There are two activities in which society seems to think it’s acceptable for people to hurt one another for victory: war and sports.

However, in both cases, the people involved will be heavily scrutinized over the methods they use.

Sports fans have a specific – and often misguided – set of expectations for how a team captain should behave. They generally prefer when their team’s captain is a shining example of prim and proper behavior, the kind of player that can serve as a role model for every fan. And heaven forbid they fail to meet these expectations.

When David Beckham was captain of England’s football team in the 2000s, he was subject to relentless criticism about his haircut, which was deemed to be unmasculine, as were the tears he shed after a tough loss.

Displaying the “appropriate” qualities can be more important to fans than a winning record.

Take Derek Jeter, for example, who became the captain of the New York Yankees in 2003. Calm, consistent and a solid family man, Jeter was always admired by his fans, even though his time as captain resulted in very few trophies.

What fans sometimes miss is the fact that players who are always on their best behavior don’t necessarily make the best captains. Instead, great teams are led by players who aren’t afraid to bend the rules or risk being unpopular.

During a 2015 Rugby World Cup match, the captain of New Zealand’s All Blacks team was Richie McCaw, a player who gave everything he had to help his team win. During one match, McCaw found himself flat on the ground, while a player from the opposing team had the ball and an open field in front of him.

McCaw did the only thing he could and tripped up the player, drawing a penalty and many vicious boos from the crowd – but also preventing the opposing team from scoring a try.

Even so, it was clear to his team that McCaw was relentless in his drive to win, and his team won the match in the end, which was far more important than pleasing the crowd. That’s the sign of a great captain.

The Captain Class Key Idea #6: Captains aren’t superstar players, they’re the indispensable supporting players.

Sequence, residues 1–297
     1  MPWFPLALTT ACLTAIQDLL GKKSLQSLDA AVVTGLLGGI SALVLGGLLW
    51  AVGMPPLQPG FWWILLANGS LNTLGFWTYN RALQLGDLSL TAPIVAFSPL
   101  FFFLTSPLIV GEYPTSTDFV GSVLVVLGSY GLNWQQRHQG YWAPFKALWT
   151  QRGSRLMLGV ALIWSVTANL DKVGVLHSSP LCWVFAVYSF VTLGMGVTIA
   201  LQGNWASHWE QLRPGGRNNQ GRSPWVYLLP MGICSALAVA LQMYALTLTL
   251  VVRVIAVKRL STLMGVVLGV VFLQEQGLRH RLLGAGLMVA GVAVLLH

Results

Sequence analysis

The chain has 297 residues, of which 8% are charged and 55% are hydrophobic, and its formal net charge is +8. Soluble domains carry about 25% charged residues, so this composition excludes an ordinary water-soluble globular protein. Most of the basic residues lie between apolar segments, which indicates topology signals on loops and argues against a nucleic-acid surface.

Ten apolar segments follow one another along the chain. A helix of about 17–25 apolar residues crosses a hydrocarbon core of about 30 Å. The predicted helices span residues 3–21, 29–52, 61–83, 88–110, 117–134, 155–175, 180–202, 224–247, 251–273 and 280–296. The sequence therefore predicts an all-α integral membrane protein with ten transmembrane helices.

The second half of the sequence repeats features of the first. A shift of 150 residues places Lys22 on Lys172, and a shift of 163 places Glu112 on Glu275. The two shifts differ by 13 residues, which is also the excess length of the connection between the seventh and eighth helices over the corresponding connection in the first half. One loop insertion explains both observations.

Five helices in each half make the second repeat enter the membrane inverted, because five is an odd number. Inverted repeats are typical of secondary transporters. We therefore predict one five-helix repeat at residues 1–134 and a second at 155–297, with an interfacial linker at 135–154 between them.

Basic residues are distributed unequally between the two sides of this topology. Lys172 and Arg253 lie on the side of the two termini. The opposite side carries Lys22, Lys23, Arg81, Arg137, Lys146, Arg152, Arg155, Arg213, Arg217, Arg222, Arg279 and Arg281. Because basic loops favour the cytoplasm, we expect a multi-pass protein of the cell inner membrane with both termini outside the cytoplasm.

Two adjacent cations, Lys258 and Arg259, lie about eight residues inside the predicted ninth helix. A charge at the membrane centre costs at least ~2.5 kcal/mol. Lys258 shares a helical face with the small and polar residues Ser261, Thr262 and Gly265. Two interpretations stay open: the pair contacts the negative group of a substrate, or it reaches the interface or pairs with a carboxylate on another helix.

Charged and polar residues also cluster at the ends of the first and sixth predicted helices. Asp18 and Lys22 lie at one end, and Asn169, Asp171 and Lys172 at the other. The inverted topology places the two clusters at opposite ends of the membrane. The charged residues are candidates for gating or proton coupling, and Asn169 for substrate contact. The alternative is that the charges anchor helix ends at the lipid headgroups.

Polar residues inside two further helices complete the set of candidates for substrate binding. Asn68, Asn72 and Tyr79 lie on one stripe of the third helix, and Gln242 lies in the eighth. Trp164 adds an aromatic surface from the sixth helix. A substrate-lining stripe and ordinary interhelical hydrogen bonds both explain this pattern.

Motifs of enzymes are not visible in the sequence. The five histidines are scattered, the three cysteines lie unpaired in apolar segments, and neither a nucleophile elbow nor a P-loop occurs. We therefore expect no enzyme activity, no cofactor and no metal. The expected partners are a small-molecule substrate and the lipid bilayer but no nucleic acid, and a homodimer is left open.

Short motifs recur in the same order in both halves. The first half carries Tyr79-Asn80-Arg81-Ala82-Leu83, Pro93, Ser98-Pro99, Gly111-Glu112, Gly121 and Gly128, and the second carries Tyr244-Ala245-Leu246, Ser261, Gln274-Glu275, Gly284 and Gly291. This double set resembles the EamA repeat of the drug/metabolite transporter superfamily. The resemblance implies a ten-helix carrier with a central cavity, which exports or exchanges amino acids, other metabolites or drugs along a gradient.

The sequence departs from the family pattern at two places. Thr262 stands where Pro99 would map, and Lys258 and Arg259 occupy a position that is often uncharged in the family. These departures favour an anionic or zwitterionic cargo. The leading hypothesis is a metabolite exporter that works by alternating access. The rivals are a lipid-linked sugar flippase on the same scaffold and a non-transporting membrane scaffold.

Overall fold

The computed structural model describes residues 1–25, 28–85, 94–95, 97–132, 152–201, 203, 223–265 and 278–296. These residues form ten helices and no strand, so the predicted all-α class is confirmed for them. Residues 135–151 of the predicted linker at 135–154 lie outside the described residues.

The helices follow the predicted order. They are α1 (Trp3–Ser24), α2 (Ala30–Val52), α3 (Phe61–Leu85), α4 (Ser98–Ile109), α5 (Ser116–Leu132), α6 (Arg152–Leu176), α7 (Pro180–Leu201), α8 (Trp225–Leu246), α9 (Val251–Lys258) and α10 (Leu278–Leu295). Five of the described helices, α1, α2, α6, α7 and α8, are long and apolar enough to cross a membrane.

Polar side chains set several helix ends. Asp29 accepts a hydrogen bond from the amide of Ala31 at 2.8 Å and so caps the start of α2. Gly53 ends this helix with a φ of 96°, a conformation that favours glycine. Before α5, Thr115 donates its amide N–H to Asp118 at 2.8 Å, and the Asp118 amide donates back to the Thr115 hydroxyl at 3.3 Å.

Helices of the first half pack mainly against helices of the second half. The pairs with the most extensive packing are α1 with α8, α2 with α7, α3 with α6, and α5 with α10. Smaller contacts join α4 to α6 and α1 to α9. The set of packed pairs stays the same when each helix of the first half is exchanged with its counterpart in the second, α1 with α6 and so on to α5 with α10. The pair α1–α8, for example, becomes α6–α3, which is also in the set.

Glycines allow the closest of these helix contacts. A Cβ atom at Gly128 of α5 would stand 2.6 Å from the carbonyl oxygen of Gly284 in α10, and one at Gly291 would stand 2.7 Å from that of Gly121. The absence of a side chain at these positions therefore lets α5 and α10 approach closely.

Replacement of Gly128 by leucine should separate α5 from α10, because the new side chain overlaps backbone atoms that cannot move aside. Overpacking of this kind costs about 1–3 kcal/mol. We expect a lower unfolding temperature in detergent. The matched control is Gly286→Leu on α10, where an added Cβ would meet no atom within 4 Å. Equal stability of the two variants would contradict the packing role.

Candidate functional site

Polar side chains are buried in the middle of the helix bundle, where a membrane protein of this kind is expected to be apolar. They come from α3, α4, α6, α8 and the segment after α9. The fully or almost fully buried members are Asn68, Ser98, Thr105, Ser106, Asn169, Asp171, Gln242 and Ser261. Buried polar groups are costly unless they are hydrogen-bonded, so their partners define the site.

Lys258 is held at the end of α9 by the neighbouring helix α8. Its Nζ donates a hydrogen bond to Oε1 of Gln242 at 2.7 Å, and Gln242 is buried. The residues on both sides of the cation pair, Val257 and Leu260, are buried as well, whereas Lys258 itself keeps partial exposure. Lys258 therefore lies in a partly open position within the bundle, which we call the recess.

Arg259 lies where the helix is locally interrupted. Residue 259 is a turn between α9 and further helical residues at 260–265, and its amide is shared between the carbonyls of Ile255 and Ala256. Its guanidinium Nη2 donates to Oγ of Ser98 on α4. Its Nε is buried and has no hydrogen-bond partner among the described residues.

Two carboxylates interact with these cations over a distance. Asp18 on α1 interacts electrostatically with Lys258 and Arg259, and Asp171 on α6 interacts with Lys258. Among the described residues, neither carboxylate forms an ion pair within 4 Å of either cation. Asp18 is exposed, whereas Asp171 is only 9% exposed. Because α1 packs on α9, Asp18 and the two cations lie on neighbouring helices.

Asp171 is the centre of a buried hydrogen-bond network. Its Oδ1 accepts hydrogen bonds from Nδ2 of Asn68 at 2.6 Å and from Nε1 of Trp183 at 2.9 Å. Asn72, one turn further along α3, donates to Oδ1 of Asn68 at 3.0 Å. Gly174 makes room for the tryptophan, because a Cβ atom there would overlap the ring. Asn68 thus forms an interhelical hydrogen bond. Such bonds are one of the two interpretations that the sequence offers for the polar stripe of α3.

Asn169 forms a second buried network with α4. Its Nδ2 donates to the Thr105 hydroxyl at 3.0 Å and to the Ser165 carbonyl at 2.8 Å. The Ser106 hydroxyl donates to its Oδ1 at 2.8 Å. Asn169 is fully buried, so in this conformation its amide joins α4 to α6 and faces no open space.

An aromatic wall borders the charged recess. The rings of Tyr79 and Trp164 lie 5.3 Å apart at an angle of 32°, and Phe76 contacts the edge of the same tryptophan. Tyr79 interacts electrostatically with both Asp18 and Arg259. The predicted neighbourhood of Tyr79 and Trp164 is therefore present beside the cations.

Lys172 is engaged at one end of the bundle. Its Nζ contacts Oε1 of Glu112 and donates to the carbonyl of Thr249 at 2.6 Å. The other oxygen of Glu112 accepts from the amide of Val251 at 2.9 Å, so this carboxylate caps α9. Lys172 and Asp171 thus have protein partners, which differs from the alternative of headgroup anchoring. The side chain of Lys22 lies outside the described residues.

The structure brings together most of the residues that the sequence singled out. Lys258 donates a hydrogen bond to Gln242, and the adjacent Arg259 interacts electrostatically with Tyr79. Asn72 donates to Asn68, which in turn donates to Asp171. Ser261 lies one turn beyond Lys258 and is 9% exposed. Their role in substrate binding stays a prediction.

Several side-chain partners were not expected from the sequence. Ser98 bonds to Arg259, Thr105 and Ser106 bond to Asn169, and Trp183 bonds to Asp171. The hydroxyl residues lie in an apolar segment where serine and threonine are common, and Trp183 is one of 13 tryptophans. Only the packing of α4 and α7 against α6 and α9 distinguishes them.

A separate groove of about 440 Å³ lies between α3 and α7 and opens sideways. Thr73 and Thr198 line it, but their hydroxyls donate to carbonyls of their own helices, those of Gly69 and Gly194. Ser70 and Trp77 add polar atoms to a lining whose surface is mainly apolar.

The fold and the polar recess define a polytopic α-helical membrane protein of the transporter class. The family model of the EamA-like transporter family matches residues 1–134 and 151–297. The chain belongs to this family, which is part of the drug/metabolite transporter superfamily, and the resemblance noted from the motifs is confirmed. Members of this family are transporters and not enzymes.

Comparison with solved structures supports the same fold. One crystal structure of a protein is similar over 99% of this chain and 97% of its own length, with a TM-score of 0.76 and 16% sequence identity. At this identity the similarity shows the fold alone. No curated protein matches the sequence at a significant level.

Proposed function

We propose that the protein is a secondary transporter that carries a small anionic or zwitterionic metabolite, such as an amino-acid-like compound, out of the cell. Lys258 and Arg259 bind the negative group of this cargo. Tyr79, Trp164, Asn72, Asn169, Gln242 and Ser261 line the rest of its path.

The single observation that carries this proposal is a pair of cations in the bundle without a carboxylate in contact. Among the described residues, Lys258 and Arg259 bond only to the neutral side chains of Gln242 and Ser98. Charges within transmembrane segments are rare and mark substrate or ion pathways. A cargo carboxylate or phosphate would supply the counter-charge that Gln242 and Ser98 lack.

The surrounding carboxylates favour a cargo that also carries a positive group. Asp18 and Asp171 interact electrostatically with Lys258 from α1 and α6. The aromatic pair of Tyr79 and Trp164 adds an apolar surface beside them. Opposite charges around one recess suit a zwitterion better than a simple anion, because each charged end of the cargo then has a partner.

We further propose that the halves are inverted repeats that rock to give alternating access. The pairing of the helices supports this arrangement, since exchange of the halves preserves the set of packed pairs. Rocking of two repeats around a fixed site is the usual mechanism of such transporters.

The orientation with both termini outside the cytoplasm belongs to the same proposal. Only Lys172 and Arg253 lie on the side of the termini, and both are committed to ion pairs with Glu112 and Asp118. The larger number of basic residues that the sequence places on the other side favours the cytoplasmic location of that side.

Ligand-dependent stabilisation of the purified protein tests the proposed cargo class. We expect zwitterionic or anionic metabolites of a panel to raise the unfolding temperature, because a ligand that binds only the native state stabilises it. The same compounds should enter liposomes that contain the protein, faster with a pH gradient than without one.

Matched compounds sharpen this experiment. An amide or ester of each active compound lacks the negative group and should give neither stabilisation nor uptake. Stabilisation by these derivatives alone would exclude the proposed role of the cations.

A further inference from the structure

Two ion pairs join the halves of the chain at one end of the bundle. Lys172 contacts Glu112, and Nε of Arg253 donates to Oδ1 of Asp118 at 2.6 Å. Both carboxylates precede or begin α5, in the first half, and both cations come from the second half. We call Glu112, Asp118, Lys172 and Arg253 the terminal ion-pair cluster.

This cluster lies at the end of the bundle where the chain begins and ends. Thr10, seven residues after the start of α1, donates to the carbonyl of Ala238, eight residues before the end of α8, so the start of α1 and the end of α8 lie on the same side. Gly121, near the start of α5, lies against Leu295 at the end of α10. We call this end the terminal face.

Superstar players are the kind that will get the ball as the clock is seconds away from hitting zero and score the game-winning goal or basket every time.

But most captains aren’t this kind of ego-driven player and rely on different qualities to gain respect and lead their teams.

More often than not, a team’s captain is hard at work at the back of the field doing the unglamorous tasks that are no less important – or difficult.

Richie McCaw of New Zealand’s All Blacks played the position of flanker, a defensive position that takes a great physical toll, as it requires a lot of tackling and close contact.

It was the same for Carla Overbeck, the former captain of the US national soccer team. She hardly ever scored goals, but was always assisting her teammates’ goals and making the right passes.

This also points to how defensive players can lead their team by assisting others and creating opportunities for their teammates to be the very best they can be.

Often, some of the best captains are on the sidelines, observing and finding the right time to jump in when they can be most effective.

In the 1990s, the captain of the French football team was Didier Deschamps, who described his role as captain as having very little to do with his own performance – it was all about helping others. In Deschamps’s case, this meant finding ways to get the ball to Zinedine Zidane, the team’s star player and top goal scorer.

In this team, Zidane relied on Deschamps just as much as Deschamps needed Zidane to win games. So even though Zidane was the star, he had much less of an impact without the support of his captain, who was dedicated to creating opportunities for him to shine.

This is how someone at the back of the field can be the leader, the one who everyone relies on for both inspiration and the opportunity to deliver the goods.

But, as we’ll see in the next book summary, the captain’s duties extend to off the field as well.

The Captain Class Key Idea #7: Don’t expect captains to give the big speeches; they motivate by talking to teammates one-on-one.

We’ve seen how a captain’s dedicated performance can inspire his teammates. As such, you might think a team captain will also be the one in a team huddle giving impassioned, motivational speeches.

We’ve certainly seen this plenty of times in Hollywood movies. But in reality, most team captains will leave the speeches to the coach or someone else.